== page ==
Student Learning

Welcome to Victoria University and to the Student Learning. The Service is here to support you in your decision to study at Victoria. Even if you have been to school in New Zealand there will be aspects of university study which will be new to you. If you have not studied in New Zealand before there will be many aspects of university study that will be different.

For more information on support available to you, also check out the Refugee Background Student Support page.

What you can do to learn about studying at Victoria University:

Come to all the orientation activities
Strengthen your study skills
  • Come to the Student Learning workshops.

  • Make an individual appointment with a learning adviser to talk about your study.

  • Drop by our help desk on level 2 at the library – you can talk to a learning adviser about a quick question.

Improve your English skills
  • Make an individual appointment with a learning advisor to talk about your study

  • Come to the Student Learning grammar workshops

  • Come to Student Learning conversation sessions - they're informal and you will meet other students from overseas and from New Zealand

  • Come to the Student Learning academic speaking programme and improve your oral presentation skills

Strengthen your academic focus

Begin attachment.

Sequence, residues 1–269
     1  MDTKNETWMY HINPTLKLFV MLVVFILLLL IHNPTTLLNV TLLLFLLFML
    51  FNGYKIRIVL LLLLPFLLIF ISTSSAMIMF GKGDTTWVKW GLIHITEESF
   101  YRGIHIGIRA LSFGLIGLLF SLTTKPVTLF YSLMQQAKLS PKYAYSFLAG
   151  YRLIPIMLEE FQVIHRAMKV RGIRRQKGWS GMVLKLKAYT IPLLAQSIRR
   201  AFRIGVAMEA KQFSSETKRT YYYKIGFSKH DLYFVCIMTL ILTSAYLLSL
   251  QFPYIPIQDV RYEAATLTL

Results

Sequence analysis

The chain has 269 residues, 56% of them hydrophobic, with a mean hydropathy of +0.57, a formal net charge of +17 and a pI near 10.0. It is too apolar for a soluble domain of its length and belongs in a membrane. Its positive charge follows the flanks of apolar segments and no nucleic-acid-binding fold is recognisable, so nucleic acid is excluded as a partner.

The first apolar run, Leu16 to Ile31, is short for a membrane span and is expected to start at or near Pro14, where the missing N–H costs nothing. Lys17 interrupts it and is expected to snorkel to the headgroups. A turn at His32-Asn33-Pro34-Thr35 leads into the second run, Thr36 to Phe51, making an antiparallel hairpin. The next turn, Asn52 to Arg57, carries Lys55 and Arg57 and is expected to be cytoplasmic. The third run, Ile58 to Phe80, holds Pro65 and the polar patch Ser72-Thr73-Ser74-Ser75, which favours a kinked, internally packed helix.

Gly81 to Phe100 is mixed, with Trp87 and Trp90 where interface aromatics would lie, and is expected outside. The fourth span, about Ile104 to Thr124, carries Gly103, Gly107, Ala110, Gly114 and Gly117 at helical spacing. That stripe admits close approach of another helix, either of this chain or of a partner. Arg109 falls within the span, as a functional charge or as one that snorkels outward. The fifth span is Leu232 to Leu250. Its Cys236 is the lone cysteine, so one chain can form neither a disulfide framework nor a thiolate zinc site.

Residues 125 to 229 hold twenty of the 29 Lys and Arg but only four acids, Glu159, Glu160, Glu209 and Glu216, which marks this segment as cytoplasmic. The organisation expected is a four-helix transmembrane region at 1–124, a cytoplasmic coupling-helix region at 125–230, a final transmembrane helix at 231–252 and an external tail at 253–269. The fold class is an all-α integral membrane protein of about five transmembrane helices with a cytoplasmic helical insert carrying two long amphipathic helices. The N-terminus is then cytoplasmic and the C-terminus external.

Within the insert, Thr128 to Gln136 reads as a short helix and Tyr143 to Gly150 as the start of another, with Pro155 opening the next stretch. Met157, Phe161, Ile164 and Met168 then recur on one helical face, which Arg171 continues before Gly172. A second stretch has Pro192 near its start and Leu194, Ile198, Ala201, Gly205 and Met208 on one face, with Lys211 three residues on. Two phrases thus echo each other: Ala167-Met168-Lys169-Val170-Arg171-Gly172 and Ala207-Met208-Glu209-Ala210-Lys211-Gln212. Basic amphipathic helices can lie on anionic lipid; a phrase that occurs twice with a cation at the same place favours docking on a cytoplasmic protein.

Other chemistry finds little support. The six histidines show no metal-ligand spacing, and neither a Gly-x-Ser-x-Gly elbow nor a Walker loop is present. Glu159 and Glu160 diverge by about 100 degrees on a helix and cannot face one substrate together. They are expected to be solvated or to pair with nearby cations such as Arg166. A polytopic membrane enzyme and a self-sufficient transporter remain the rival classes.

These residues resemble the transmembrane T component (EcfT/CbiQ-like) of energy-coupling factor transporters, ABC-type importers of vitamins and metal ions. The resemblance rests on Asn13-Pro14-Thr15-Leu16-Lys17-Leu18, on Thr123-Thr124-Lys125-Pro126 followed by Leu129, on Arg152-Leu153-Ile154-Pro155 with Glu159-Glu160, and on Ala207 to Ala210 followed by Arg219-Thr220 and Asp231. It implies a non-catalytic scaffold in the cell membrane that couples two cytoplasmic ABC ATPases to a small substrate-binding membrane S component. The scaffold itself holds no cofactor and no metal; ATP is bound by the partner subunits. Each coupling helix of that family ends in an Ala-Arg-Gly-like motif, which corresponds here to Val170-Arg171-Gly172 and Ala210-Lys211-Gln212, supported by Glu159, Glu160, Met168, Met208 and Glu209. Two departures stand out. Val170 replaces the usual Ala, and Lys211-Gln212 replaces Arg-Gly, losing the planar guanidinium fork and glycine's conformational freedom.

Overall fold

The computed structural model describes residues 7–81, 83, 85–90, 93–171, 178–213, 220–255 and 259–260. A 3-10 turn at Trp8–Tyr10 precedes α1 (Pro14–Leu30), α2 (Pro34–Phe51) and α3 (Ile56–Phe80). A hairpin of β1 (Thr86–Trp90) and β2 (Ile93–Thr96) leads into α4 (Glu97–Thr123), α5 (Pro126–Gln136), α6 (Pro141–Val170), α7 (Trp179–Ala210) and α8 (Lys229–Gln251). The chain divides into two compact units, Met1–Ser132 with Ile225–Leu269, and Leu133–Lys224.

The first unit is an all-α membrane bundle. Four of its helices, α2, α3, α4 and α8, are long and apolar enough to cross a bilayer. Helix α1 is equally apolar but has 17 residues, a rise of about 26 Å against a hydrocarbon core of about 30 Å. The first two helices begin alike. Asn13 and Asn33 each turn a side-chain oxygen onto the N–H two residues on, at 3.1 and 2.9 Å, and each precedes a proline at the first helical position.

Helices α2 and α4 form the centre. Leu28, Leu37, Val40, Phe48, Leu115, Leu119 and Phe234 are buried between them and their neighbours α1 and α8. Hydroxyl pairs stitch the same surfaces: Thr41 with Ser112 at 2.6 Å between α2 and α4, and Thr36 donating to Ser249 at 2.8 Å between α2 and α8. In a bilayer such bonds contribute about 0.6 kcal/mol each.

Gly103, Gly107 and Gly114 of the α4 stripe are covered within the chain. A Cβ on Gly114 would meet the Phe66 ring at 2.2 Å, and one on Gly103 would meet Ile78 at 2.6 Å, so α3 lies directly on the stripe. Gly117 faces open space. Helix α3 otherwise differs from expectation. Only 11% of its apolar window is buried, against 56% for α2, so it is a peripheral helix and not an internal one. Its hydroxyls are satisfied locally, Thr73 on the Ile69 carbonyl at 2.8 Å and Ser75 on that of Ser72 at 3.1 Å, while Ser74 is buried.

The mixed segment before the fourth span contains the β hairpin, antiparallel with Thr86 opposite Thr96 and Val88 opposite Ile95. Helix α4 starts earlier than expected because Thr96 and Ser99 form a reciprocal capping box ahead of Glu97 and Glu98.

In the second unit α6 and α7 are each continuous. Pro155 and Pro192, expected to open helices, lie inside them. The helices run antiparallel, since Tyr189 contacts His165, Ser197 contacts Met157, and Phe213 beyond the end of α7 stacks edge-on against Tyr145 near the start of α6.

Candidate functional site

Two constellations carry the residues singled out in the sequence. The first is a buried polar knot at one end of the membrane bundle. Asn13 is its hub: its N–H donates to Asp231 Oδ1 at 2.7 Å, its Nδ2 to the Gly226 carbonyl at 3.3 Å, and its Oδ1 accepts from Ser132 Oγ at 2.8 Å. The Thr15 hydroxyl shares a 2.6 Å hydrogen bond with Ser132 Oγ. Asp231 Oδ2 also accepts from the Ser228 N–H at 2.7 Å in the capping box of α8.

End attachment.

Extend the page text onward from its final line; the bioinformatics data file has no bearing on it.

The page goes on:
Critical thinking and academic integrity (not plagiarising) are two crucial academic skills. Find out more about them by coming to our writing workshops and critical thinking workshops. You will also learn about these skills in the PALS workshops. You can also read our resources on how to paraphrase and summarise other writers' work and on referencing.

Balance study and other commitments

Other commitments such as family and work can be difficult to fit in with your university study. If this is an issue for you, think about how to plan and manage your time well. Some people find that study timetables are really helpful. Here are some planners that you might find useful:

You need to be aware that university study requires much more than simply going to lectures and tutorials. For every hour that you spend in class you need to spend at least another 2 hours studying (Suggested study routine PDF - 229KB). It's a good idea to study for one hour in preparation for your class and then to spend another hour after that class focussing on something to do with the class (e.g reading, working on your notes, talking to friend about the class).

Make sure your friends and family realise how much work you are expected to do (21 ways to get the most out of now PDF - 321KB).